Saturday, 16 February 2008

Cookies and Cream Cheesecake

Apologies for the dark picture, the light is very subdued today.

Our flatmate's girlfriend has been visiting us from Sydney this past week and on Wednesday we decided to try our hands at making a cheesecake. I'm not really a big cheesecake fan, but I have been wanting to try cooking with cream cheese because I really want to make a cake with a cream cheese frosting, but I haven't been brave enough to try it because I think the Philadephia cheese has a funny taste to it.

This recipe uses Philadelphia cream cheese, and I was hoping it would assuage my fears. To be honest, I'm not sure it has. The frosting of my dreams is light and airy and doesn't really taste like cream cheese. This kindof did. Would I be adding more sugar to a frosting? Could that be my problem? I don't know. If anyone is reading this and can tell me what brand of cream cheese one uses to make a cream cheese frosting (that is available in Australia), please do!!!

Anyway, back to the cheesecake. This was not a baked cheesecake. The household voted, and it was 3 to 1 against a baked one. I was the solitary one, but I think I only wanted to do the baked one because I think it's really cool when you bake things in a water bath.

Cookies and Cream Cheesecake Slice

350g Oreo Original Cookies
80g butter melted
375g block Philadelphia Cream Cheese, cubed and softened.
1/2 cup caster sugar
1 tsp vanilla essence
1 cup thickened cream
3 tsp powdered gelatine, dissolved in 1/4 cup boiling water
200g white chocolate, melted and cooled slightly

Place 250g of the cookies into a food processor and process into fine crumbs. Add the butter and process to combine. Press the mixture into an 18cm x 28cm lamington tin lined with cling wrap or baking paper and refrigerate for 20 minutes.

Beat the cream cheese, sugar and vanilla with an electric mixer until smooth, then beat in the cream. Stir through the gelatine mixture and white chocolate.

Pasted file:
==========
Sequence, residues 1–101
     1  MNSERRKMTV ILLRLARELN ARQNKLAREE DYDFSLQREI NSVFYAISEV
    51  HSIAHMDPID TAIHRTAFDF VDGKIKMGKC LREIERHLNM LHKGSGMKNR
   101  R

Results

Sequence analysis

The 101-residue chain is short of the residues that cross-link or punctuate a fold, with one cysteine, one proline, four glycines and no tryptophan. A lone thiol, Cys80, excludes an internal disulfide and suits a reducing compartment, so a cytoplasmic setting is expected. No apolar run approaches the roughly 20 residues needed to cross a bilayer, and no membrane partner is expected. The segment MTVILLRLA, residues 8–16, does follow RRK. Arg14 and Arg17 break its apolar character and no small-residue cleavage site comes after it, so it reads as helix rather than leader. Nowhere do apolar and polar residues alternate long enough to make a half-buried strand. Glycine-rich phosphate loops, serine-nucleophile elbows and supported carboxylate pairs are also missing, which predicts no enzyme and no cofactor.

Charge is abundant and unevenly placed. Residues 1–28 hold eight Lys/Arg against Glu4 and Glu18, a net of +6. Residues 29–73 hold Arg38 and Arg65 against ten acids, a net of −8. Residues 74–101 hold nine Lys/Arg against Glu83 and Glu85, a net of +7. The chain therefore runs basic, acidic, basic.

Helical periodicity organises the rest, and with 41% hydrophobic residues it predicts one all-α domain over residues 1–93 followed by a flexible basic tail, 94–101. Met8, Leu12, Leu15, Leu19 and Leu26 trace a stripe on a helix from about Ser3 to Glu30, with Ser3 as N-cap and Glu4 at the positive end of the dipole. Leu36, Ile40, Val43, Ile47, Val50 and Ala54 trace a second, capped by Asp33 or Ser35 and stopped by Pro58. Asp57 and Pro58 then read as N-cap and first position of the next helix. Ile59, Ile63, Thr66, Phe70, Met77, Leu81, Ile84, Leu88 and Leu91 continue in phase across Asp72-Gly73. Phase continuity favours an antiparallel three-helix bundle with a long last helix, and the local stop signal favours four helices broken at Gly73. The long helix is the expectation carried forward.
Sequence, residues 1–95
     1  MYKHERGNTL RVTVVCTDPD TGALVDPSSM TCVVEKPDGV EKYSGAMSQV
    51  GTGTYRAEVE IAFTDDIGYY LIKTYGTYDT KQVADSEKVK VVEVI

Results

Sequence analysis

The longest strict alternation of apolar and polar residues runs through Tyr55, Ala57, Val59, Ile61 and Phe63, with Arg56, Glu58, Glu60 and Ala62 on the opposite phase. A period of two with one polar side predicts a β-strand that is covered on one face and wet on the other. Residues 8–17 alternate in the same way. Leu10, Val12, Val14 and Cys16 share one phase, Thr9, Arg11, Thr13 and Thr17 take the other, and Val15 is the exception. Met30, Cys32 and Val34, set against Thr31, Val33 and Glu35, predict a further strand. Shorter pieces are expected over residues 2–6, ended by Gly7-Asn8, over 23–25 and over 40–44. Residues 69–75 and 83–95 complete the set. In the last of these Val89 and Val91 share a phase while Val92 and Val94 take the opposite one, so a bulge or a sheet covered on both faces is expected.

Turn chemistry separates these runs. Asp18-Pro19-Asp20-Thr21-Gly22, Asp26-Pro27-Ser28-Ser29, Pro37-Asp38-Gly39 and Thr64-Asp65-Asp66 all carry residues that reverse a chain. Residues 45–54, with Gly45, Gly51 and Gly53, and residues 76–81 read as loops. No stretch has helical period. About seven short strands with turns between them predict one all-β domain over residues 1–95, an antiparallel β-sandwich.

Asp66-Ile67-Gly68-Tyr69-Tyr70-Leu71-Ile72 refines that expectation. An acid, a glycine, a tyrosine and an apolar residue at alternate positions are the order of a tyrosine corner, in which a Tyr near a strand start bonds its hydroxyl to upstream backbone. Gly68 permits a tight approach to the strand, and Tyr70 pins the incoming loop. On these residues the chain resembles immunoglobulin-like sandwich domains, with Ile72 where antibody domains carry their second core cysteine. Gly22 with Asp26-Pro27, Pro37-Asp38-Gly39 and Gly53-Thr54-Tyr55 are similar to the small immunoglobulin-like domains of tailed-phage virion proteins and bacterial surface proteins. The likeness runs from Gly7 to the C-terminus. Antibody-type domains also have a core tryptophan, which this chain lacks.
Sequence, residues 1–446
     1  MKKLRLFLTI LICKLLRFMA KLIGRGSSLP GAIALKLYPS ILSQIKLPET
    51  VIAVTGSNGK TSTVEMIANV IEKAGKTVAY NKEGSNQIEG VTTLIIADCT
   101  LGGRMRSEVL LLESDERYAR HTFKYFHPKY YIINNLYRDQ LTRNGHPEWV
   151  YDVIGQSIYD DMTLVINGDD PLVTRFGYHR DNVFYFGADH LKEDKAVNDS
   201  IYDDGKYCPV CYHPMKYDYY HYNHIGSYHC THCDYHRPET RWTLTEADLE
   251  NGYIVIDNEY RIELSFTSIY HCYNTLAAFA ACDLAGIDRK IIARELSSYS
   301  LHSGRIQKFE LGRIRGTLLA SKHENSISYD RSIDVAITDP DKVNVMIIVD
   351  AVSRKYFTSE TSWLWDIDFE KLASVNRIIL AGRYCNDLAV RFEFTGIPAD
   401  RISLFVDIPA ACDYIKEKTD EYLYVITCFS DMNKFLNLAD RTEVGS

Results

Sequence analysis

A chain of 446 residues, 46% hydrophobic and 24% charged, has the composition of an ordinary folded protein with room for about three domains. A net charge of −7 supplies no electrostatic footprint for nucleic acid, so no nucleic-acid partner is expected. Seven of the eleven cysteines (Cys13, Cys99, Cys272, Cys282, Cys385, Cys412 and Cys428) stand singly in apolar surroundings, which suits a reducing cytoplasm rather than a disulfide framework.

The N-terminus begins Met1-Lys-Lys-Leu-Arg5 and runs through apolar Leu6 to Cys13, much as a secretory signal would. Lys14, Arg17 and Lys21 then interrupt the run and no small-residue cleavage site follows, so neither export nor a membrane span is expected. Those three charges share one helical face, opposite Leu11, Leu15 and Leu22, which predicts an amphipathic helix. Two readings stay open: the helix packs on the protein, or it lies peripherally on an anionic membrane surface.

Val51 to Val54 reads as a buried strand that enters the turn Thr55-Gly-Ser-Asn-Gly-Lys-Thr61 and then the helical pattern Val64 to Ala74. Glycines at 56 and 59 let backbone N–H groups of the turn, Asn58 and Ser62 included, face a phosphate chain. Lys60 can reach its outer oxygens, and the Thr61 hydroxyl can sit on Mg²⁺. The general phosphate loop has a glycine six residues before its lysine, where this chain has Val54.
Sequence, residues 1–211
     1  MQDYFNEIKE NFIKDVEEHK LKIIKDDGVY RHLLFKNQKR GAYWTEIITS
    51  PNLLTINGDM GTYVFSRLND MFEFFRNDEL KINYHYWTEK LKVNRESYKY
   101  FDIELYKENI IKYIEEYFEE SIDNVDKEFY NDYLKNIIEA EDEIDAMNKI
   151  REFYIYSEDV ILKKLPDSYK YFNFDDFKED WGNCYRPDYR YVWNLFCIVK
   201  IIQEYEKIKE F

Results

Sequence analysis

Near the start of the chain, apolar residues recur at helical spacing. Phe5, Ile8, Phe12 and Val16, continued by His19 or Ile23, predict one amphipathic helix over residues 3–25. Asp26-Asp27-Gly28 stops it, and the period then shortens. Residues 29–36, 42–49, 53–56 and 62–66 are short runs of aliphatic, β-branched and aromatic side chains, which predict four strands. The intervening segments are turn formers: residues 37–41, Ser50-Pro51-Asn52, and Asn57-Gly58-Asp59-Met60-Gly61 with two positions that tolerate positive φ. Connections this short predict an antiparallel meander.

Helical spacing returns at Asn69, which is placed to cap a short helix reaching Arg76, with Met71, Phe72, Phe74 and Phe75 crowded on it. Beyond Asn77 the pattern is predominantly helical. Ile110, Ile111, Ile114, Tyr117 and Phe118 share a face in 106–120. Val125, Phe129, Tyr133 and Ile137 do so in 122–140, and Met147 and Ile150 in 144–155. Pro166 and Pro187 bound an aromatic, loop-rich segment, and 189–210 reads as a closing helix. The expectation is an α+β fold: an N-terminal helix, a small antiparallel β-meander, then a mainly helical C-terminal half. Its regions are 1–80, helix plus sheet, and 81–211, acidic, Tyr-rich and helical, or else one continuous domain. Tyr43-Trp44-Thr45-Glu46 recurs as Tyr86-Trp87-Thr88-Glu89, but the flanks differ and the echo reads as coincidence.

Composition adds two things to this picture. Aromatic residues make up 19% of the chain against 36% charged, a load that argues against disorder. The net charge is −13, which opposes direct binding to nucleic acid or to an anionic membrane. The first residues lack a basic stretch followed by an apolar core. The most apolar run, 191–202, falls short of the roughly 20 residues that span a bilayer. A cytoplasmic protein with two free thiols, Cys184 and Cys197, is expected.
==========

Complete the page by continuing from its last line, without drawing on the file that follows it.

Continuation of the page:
Roughly chop the remaining cookies and stir through the cream cheese mixture then pour over the cookie base. Cover and refrigerate until set. Cut into slices or squares to serve.

Sounds easy, right? Well, that's what we thought, except my wonderful talent for not reading recipes got us into a little bit of trouble. I hadn't seen the part in the recipe where it says to process only 250g of cookies, so I thought we were processing the whole 350g. We had bought two packets of cookies, which only just added up to 300g once the cream inside had been removed, so I had the great idea that we should scale the recipe to suit. So we reduced the amount of butter. So, our cookie base ended up with more cookie and less butter and is pretty crumbly in the finished product. Still tastes good, it's just a little messy. Plus, since we had processed all the cookies, we didn't have any to mix through. We used some chocolate chips instead.

It turned out quite well otherwise, except I still am a bit iffy about the cream cheese taste. I am going to forever be trying to achieve the same taste as the frosting on a carrot cake I received as a gift once - I hope that I'm not doomed to chase after it forever!

1 comment:

  1. I ended up asking the lovely people on the forums at about my cream cheese icing problem and they suggested that I keep adding icing sugar until I got rid of the Philly taste. A little bit of lemon juice is nice too.

    Thanks to all that answered my question, because of them the icing on my spice cake turned out perfectly!